When work is done, we sit down. After a long day at the office, after tough yard work, there is nothing that says we’re finished like sitting down and resting. In fact, if you are like me, you might even get a little irritated when you need to get up again because there is something else to do. It seems like the work never ends, doesn’t it? I’ve often reflected on this reality when reading Hebrews 10:12, “But this man, after offering one sacrifice for sins forever, sat down at the right hand of God.”
In ancient Israel, the work of offering animal sacrifices seemed to have no end. The perpetual sacrifices offered by the priest for the forgiveness of the people’s sins were a continual reminder that more needed to be done. Since the people could not rid themselves of their sinfulness, the need for atoning sacrifices was always before them. There was no finality. There was no rest. There was no end in sight. For this reason, the writer of Hebrews reminds us that Jesus is the true and greater sacrifice for sin. In contrast to the priests who made daily sacrifices, “by one offering he has perfected forever those who are sanctified” (v.14).
After Jesus’s resurrection and ascension, He entered the presence of God and sat down, having completed His work. No more sacrifices are needed. There is nothing else to do for the forgiveness of sin. Jesus sits at the right hand of God reminding us that we are not saved by what we do, but by what He has done. Jesus is the Lamb slain for us. He has made peace between God and us. He has taken our guilt upon Himself. He has conquered sin and death. Jesus didn’t just die for us; He died instead of us—in our place.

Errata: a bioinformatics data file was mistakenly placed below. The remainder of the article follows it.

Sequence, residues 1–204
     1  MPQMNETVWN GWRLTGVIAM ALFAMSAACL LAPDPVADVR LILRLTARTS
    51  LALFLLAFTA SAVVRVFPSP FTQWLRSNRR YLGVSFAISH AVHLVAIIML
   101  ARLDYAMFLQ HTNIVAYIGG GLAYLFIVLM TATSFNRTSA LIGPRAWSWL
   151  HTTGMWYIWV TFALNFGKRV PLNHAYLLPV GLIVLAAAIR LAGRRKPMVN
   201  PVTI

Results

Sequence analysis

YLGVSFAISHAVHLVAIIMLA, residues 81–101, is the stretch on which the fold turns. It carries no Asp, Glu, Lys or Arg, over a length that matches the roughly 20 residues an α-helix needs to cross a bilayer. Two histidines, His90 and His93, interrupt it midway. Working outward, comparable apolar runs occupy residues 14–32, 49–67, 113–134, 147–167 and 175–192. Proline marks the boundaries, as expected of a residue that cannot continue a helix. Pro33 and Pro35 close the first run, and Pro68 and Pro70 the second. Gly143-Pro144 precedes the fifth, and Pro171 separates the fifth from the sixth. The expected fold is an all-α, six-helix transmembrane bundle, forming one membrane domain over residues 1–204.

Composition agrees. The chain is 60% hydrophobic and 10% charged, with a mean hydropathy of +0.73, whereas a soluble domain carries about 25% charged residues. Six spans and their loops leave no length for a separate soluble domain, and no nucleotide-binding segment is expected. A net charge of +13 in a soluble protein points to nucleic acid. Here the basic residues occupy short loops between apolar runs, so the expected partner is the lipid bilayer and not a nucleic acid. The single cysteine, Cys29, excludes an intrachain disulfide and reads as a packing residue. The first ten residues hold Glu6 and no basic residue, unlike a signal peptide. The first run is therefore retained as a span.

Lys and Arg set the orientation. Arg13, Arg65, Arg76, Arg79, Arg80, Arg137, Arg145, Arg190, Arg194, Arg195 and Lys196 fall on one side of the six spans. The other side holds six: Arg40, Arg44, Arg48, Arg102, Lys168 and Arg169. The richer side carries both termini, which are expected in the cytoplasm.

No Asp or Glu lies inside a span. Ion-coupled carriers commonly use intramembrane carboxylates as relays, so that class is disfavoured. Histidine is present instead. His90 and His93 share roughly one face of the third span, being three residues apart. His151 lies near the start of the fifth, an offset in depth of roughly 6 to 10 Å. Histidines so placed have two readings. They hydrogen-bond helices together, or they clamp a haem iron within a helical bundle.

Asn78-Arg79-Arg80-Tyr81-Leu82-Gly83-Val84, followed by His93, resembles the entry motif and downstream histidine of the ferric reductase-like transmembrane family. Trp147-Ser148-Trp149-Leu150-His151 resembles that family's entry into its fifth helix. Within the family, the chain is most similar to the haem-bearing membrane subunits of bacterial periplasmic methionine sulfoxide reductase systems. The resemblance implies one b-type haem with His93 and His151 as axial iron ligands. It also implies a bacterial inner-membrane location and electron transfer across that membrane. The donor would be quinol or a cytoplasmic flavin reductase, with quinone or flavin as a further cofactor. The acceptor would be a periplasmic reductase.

If you are a Christian, remember that the shout from the cross, “It is finished” (John 19:30), wasn’t a cry of defeat but a declaration of victory. It is a victory cry because Jesus is seated on the throne, not buried in a tomb. Praise God that in Christ we have a perfect sacrifice for sin, and He is more than sufficient to save. And thus, the salvation offered by Christ is perfect in every way and eternal in its effect. But also remember that while He is seated now, there is coming a day when He will rise from His throne. Jesus will return to judge the living and the dead (2 Timothy 4:1). And on that day, every tongue will confess that He is Lord, either in thankfulness or in terror.
Until He rises to return, the question for all of us is this: Are we resting in the perfect work of Jesus Christ? The alternatives—running from God in rebellion, or working to earn God’s favor by our good behavior and religious activities—are exhausting, futile pursuits. The work is finished. Christ has done it. We can rest.
Written by Matt Capps